In today's ExchangeWire news digest: Attorney General Karl Racine has sued Google for making it hard for users to prevent the tech giant from tracking their location; ESL Gaming and FACEIT have merged after Savvy Gaming Group bought both platforms; and Nvidia Corp are reportedly second-guessing their acquisition of Arm Ltd.
Google track consumer locations in spite of user preference
Yesterday (24 January), Attorney General Karl Racine sued Google for making it “nearly impossible” for users to prevent their locations from being tracked by the tech giant, according to a press release published by the Office of the Attorney General for the District of Columbia. It has been alleged that Google exploited consumers to gain access to personal location data, making users believe they have control over their privacy “since at least 2014”. Customers of Android smartphones have reportedly been impacted by the potential breach, as well as consumers who use Google products, such as search and maps, on alternative operating systems.
Racine commented, “Google falsely led consumers to believe that changing their account and device settings would allow customers to protect their privacy and control what personal data the company could access.” He adds, “the truth is that contrary to Google’s representations it continues to systematically surveil customers and profit from customer data. Google's bold misrepresentations are a clear violation of consumers’ privacy."
Three additional attorney generals, from Indiana, Texas, and Washington, are planning to file complaints in their own state courts to see that Google are held responsible for the claim. Location data is a significant component of Google’s ad business, generating nearly USD$150bn (~£111.48bn) in revenue in 2020 alone. Therefore, the bipartisan, led by Racine, desperately seeks to penalise Google, and subsequently enforce an appropriate level of privacy for consumers.
In contrast, Google is now looking to block ad targeting for users under 18 after facing scrutiny over directed ads published via their platform. "We've already made progress on delivering a safer experience to kids and teens online by expanding safeguards to prevent age-sensitive ad categories from being shown to teens, and we will block ad targeting based on the age, gender, or interests of people under 18,” they said in a statement on Monday.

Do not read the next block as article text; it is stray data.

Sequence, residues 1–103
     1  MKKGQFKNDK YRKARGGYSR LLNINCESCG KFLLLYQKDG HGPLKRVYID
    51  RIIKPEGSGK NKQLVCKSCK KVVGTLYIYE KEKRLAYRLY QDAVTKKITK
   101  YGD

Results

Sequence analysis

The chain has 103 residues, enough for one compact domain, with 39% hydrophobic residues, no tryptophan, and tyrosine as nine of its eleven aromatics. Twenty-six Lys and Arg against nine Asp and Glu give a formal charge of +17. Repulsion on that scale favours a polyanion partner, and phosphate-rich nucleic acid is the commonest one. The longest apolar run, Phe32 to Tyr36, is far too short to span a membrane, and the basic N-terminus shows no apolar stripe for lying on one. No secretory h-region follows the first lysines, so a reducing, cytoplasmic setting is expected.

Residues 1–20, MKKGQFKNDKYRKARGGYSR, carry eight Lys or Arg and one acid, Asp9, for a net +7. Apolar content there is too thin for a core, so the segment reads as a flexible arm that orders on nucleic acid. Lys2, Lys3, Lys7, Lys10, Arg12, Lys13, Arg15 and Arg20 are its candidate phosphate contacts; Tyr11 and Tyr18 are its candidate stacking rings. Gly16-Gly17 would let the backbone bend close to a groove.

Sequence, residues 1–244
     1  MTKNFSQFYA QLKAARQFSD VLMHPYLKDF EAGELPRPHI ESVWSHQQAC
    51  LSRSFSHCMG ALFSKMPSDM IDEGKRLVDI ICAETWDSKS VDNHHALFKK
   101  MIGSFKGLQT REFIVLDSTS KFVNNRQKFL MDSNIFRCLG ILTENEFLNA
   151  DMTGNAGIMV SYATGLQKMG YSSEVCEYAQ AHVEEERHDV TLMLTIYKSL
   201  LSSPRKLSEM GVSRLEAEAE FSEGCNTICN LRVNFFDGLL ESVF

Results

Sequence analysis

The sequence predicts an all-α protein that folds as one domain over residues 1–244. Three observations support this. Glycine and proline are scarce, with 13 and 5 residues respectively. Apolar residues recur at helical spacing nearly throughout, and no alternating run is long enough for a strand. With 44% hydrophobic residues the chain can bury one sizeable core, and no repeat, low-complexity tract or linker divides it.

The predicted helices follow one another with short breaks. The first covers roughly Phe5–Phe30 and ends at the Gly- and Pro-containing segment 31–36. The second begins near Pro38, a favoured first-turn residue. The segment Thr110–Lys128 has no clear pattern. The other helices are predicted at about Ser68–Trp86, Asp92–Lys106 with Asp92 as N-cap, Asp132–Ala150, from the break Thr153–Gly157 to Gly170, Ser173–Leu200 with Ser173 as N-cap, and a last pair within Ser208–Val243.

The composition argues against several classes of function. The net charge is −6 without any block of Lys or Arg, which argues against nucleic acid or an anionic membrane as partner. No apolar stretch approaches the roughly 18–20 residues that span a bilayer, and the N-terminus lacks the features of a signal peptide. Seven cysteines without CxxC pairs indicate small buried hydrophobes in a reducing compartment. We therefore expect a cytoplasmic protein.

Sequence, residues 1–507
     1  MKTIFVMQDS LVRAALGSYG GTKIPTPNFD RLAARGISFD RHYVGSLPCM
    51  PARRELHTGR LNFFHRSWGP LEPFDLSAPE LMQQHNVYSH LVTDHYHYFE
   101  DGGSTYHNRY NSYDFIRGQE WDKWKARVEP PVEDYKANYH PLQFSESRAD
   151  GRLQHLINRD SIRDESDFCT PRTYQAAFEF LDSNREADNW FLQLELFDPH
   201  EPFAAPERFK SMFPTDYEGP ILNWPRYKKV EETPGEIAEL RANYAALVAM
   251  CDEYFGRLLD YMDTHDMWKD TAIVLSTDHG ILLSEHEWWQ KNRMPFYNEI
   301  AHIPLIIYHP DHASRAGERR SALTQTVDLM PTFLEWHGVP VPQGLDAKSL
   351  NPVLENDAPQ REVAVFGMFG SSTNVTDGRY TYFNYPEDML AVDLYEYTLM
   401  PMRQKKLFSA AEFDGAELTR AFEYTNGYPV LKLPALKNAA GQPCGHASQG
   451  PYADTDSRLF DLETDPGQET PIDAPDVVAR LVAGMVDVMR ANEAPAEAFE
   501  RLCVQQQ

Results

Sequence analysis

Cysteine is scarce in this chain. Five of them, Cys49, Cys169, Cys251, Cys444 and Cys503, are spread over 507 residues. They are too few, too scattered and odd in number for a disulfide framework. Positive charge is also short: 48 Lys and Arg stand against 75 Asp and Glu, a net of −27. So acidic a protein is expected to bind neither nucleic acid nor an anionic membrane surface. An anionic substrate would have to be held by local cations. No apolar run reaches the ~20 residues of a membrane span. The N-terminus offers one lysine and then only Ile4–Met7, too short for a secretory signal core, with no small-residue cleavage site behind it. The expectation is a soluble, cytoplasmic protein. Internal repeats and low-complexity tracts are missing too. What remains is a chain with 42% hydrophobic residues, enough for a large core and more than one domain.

ESL Gaming and FACEIT merge to enhance competitive gaming
ESL Gaming and FACEIT, two of the biggest esports tournament organisers, have merged to enhance the future of competitive gaming, after Saudi Arabian government-backed Savvy Gaming Group bought both platforms for a combined total of $1.5bn (~£1.1bn). German business newspaper, Handelsblatt, first reported the acquisition. The esports platforms have been renamed to become ESL FACEIT Group, seeing Craig Levine and Niccolo Maisto become co-CEOs under the new title. The deal, which is set to be finalised as soon as Q2 of 2022 according to reports, is subject to regulatory approval.
Social media outlets and live streaming have paved the way for esports investment and revenue to skyrocket in recent months, a trend that is expected to continue in 2022. According to estimates from Insider Intelligence, monthly esports viewers will be up 11.5% in 2022 from last year, to 29.6 million, due to the wide exposure the sector receives.
Maisto commented on the move, “in the past years, ESL and FACEIT had a significant positive impact for the growth of the esports industry, bringing a variety of propositions for players, teams, publishers, and developers. By uniting these complementary capabilities, and with the backing of SGG, we are taking a long-term approach to develop a more robust platform to better support the future of the whole competitive gaming ecosystem and generate more value for all its stakeholders in a sustainable way.” Levine adds, “our mission remains unchanged: to create a world where everybody can be somebody. Our merger with FACEIT, along with the backing of SGG, will give us more know-how, capabilities, and resources than ever before to deliver on this vision."
Nvidia are reportedly backing out of Arm acquisition
Nvidia Corp are reportedly second-guessing their acquisition of Arm Ltd from SoftBank Group Corp, after proposing USD$40bn (~£29.7bn) for the British software design platform back in 2020. According to Bloomberg, partners of the Delaware-based chipmaker have been told that the deal is not expected to close. The exact reason for the alleged abandonment has not yet been disclosed.
The deal has faced backlash from US regulators after growing unease that the AI firm will become a monopoly. The combined companies will have the incentive to stifle “the innovation pipeline for next-generation technologies,” the US Federal Trade Commission (FTC) commented back in December. FTC Bureau of Competition Director, Holly Vedova, added, “the FTC’s lawsuit should send a strong signal that we will act aggressively to protect our critical infrastructure markets from illegal vertical mergers,” as regulators continuously look to clampdown on big tech. The thoughts also mirror those of UK regulators who expressed their concerns of the deal back in July.
SoftBank is said to currently be preparing for the IPO of Arm, even after CEO Simon Segars said back in July that an IPO would hurt their ability to grow.